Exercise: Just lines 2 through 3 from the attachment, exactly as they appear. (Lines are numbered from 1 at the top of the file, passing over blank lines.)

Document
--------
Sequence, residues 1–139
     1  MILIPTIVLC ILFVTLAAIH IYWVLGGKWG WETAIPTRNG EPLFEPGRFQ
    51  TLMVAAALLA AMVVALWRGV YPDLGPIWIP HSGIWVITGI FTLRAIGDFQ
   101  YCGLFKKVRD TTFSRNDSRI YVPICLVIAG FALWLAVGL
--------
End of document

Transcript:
     1  MILIPTIVLC ILFVTLAAIH IYWVLGGKWG WETAIPTRNG EPLFEPGRFQ
    51  TLMVAAALLA AMVVALWRGV YPDLGPIWIP HSGIWVITGI FTLRAIGDFQ